Hackers briefly overwhelmed at least three of the
13 computers that help manage global computer traffic Tuesday in one of the most
significant attacks against the Internet since 2002.
Experts said the unusually powerful attacks lasted as long as 12 hours but
passed largely unnoticed by most computer users, a testament to the resiliency
of the Internet. Behind the scenes, computer scientists worldwide raced to cope
with enormous volumes of data that threatened to saturate some of the Internet's
most vital pipelines.
The motive for the attacks was unclear, said Duane Wessels, a researcher at
the Cooperative Association for Internet Data Analysis at the San Diego
Supercomputing Center. "Maybe to show off or just be disruptive; it doesn't seem
to be extortion or anything like that," Wessels said.
Other experts said the hackers appeared to disguise their origin, but vast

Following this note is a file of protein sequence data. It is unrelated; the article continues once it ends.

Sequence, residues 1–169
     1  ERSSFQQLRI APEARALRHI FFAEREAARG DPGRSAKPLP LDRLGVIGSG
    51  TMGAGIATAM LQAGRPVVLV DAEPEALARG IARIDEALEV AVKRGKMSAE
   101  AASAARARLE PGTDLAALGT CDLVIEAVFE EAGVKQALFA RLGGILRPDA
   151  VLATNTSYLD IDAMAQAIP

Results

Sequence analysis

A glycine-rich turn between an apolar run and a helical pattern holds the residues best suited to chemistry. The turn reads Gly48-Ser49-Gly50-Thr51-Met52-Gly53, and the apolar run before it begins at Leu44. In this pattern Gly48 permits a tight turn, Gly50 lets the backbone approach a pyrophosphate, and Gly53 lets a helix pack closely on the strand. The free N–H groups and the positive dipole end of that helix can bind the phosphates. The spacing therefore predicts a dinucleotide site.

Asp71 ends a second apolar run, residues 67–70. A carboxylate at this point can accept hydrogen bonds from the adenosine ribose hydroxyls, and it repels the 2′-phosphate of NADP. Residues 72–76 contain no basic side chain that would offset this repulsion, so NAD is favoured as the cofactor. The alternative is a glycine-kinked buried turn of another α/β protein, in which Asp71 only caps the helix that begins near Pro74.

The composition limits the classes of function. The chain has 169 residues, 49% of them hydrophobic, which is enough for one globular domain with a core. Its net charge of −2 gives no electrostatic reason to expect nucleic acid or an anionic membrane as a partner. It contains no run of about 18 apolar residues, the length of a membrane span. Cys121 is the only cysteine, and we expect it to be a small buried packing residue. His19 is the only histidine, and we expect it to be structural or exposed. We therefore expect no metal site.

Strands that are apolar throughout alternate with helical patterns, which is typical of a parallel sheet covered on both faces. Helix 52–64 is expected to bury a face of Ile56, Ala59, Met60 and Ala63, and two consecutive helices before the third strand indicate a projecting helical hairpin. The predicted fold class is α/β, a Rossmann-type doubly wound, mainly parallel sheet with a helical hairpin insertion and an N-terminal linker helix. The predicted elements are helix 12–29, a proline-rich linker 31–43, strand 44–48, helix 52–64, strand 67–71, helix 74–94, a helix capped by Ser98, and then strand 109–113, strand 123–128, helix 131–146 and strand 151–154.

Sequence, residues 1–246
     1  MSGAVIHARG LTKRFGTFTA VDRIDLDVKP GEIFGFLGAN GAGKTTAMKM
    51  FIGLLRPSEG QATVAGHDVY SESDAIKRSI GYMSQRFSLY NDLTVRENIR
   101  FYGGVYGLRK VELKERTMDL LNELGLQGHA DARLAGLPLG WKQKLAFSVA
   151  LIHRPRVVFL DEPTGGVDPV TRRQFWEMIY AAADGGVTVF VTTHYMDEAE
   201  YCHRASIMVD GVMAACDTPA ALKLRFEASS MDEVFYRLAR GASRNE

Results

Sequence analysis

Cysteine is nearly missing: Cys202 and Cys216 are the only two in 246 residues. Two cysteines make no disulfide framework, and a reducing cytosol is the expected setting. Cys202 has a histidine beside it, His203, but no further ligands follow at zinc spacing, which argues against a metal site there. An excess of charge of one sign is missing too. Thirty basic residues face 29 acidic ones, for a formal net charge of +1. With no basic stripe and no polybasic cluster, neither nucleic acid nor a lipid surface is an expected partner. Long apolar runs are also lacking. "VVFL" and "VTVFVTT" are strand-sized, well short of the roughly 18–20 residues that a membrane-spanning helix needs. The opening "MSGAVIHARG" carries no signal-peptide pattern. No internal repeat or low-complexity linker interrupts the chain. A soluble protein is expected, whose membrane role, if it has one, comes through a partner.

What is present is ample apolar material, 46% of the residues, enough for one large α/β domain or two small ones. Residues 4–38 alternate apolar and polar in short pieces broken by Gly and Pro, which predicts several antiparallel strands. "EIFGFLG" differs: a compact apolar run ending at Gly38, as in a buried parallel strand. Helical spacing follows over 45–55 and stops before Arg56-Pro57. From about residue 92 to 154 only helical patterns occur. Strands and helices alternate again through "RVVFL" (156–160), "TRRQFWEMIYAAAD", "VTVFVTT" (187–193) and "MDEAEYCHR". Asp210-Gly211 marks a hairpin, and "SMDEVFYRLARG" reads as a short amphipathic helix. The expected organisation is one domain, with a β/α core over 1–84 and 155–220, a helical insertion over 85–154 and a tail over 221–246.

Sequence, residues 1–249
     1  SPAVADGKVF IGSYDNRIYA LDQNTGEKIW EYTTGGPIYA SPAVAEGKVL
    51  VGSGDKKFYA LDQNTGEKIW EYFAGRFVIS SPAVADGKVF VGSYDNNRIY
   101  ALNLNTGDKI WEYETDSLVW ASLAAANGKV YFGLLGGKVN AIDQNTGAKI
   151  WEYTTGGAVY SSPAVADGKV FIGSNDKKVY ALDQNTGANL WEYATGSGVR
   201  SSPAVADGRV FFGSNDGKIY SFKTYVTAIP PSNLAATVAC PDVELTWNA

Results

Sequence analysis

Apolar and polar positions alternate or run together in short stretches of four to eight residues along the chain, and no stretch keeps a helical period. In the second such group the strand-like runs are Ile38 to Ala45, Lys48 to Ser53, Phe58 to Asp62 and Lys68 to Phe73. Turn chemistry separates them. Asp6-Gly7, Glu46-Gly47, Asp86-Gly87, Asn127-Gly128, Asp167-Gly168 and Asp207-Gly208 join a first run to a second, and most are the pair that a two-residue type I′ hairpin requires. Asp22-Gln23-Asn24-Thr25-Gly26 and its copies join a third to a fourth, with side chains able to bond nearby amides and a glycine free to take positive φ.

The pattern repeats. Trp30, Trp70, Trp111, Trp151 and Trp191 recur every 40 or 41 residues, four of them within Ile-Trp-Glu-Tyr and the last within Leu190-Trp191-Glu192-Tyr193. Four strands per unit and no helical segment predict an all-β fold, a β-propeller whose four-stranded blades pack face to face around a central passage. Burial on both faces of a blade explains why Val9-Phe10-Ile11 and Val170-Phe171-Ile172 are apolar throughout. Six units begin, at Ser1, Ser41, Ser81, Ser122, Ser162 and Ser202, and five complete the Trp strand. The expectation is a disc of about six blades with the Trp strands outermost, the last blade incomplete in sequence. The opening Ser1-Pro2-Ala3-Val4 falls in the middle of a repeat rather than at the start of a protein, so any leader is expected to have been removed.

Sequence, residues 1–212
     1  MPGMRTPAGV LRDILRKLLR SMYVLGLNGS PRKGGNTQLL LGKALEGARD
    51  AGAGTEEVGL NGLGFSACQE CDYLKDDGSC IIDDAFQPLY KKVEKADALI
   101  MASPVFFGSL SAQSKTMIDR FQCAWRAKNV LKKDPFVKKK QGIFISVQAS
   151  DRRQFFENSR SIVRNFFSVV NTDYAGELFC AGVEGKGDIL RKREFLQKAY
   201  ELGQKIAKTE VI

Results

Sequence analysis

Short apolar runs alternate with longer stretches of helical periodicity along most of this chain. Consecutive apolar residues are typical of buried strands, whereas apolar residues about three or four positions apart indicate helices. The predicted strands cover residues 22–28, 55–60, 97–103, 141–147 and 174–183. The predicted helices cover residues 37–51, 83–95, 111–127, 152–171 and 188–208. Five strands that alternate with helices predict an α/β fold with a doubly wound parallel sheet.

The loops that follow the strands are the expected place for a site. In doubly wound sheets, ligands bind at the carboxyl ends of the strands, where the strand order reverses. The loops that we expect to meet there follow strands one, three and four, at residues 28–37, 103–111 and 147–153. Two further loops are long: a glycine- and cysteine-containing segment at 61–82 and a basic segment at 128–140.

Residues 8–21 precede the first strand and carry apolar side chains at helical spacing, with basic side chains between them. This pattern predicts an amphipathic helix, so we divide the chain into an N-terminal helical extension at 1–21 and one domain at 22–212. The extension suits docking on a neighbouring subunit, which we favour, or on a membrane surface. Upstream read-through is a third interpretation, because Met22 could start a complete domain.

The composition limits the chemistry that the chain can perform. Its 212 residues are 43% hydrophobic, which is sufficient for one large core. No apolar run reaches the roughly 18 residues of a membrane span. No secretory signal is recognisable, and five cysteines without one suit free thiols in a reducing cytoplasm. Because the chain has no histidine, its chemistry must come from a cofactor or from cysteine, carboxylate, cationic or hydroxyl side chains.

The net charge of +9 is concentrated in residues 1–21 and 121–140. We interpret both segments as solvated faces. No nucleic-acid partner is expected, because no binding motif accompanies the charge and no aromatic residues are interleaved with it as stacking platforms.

amounts of rogue data in the attacks were traced to South Korea.
The attacks appeared to target UltraDNS, the company that operates servers
managing traffic for Web sites ending in "org" and some other suffixes, experts
said. Officials with NeuStar Inc., which owns UltraDNS, confirmed only that it
had observed an unusual increase in traffic.
Among the targeted "root" servers that manage global Internet traffic were
ones operated by the Defense Department and the Internet's primary oversight
"There was what appears to be some form of attack during the night hours here
in California and into the morning," said John Crain, chief technical officer
for the Internet Corporation for Assigned Names and Numbers. He said the attack
was continuing and so was the hunt for its origin.
"I don't think anybody has the full picture," Crain said. "We're looking at
Crain said Tuesday's attack was less serious than attacks against the same 13
"root" servers in October 2002 because technology innovations in recent years
have increasingly distributed their workloads to other computers around the